My name is Bosty Rovy Sretniw, backwards champ of me me me Winters\r

    I can teach more about the art of writing in verse and about the history of this art than anyone in the country save perhaps Cunningham.\r

    Look, here's a sample of one's every soo posh pooh a tray\r

    Where am I now? And what\r
    Am I to say portends?\r
    Death is but death, and not\r
    The most obtuse of ends.

    My name is Yvor and I am a genius.\r

    I talk daily with learned and brilliant men, most of whom have seen a lot. \r

    You may have heard of how fantstic i am from myself and those i tell how superbly clever and great and fab and...do you feel inferior yet? - hark, i speak to God direct, make the rhymes of my poems connect exact, whacked down now with the intelliegence of who is probably the greatest man in American letters, do you get it yet said bed fed blah blah oh you're so effin clever int yer Winty lah?\r
    Immeasurable haze:\r
    The desert valley spreads\r
    Up golden river-beds\r
    As if in other days.\r
    Trees rise and thin away,\r
    And past the trees, the hills,\r
    Pure line and shade of dust,\r
    Bear witness to our wills:\r
    We see them, for we must;\r
    Calm in deceit, they stay.

    Snooze, snooze, yous a right teflon head with a brain so big all bow before you, God's gift Winters.\r

    These are thy fallen sons,\r
    Thou whom I try to reach.\r
    Thou whom the quick eye shuns,\r
    Thou dost elude my speech.

    You really like rhymink in a very precise way, it's a vice innit Winters, that you've got there Homer pal.\r

    But when I go from sense\r
    And trace thee down in thought,\r
    I meet thee, then, intense\r
    And know thee as I ought.

    Bought, taught, caught, fought, sought naught phwoar wharra boring git Winters you wuz not a genius but an over-inflated ego, innit hey Winters, flarf's finest you wuz mate, gate, bate wait trait straight straight straight inflation of yerself..

  9. July 2, 2009
     John Oliver Simon

    Yvor Winters, for all that he seems to have written poetry with a ramrod permanently implanted in his posterior, taught Thom Gunn, Philip Levine, N. Scott Momaday and Robert Pinsky, which ain't a bad drumroll. I think he tried hard to be a baleful influence on American poetry but the seitgeist was flowing in another direction, toward the Allen anthology.\r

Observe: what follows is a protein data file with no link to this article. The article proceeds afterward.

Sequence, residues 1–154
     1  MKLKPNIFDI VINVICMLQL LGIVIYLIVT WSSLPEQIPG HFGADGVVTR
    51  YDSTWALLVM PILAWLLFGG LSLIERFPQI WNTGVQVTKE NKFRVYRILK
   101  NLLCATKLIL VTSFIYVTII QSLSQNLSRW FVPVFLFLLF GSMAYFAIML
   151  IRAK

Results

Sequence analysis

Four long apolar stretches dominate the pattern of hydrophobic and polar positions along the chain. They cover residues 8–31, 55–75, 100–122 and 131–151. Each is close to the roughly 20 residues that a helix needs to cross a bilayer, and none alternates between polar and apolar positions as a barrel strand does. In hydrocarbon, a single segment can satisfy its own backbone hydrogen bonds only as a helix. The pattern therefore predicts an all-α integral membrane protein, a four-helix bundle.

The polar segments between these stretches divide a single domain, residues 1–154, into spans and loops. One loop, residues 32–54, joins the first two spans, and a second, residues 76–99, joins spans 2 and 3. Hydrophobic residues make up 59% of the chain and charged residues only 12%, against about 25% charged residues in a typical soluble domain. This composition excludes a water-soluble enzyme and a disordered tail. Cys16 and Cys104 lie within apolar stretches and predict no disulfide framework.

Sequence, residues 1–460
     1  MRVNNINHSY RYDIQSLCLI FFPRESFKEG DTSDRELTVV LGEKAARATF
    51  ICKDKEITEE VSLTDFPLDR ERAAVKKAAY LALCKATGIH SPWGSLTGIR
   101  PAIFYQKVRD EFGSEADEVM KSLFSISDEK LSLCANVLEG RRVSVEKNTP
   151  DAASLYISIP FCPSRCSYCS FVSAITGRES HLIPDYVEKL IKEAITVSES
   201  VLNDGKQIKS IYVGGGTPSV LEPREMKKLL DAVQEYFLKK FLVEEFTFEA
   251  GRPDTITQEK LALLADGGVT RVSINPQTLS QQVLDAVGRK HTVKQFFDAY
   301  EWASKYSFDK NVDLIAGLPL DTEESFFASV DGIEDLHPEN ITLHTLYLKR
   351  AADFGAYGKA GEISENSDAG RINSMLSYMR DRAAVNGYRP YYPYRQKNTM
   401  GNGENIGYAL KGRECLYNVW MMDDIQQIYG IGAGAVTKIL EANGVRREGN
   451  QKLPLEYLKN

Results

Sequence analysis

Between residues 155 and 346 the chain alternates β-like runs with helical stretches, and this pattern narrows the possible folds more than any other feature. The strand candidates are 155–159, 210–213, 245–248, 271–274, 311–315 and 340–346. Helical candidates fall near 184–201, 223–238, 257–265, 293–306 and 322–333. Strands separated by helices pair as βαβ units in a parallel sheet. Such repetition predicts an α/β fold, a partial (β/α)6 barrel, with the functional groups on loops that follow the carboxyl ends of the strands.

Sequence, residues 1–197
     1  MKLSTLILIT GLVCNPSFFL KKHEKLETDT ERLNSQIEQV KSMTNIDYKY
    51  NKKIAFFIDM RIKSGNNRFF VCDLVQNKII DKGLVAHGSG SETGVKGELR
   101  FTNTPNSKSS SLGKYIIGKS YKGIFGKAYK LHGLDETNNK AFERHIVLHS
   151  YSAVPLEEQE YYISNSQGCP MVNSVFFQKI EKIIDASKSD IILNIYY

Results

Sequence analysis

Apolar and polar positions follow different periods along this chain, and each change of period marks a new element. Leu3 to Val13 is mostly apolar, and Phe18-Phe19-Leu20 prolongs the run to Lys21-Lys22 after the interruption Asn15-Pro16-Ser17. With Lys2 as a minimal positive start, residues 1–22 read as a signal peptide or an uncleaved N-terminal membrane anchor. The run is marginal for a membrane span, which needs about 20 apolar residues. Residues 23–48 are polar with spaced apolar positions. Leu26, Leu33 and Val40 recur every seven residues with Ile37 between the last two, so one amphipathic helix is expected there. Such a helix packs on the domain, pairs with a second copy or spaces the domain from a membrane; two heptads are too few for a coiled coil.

And what exactly does Winters have to do with flarf?

  10. July 3, 2009
     Christopher Woodman

    Ebony Summers

  11. July 3, 2009
     Christopher Woodman

    typo: Ebon

  12. July 3, 2009
     Christopher Woodman

    Britney Swords, Desmond Spears

  13. July 3, 2009
     Desmond Swords

    I am just trying to lure the bard of Armagh into yielding more of his finely wrought consciousness Sir John, knowing Winters is on his hit list and on reading Yvor in the latest issue of Poetry, which has horrified many a poster on that radically subversive poetry board ablemuse-eratosphere, appalled flarf poetry had reached:\r

    "...a new low-water mark in the publication of Poetry?"\r

    There are many outraged and unhappy posters, close to the edge mohn, yah, rip Jah up dem sigheed:\r

    This is why one of these days I'll probably take a hiatus from poetry for several years (again) and return to my musical proclivities.\r

    Oh hear ye fools in verbal trade\r
    what is shoddy and not well made \r
    in a country where knaves teach \r
    less and less literature each day \r

    where ignorance reigns supreme\r
    and fewer people read, but steal\r
    that which is written, to write ten \r
    and more flarf poems at one sitting - \r

    I guess the long and the short of it is that..you just have to focus on your own craft, and not worry about what others are doing and/or publishing...I sometimes wonder if maybe the Dickinson approach is the best. Just file them all away somewhere and hope they'll be discovered post mortem to a much more sensible audience.\r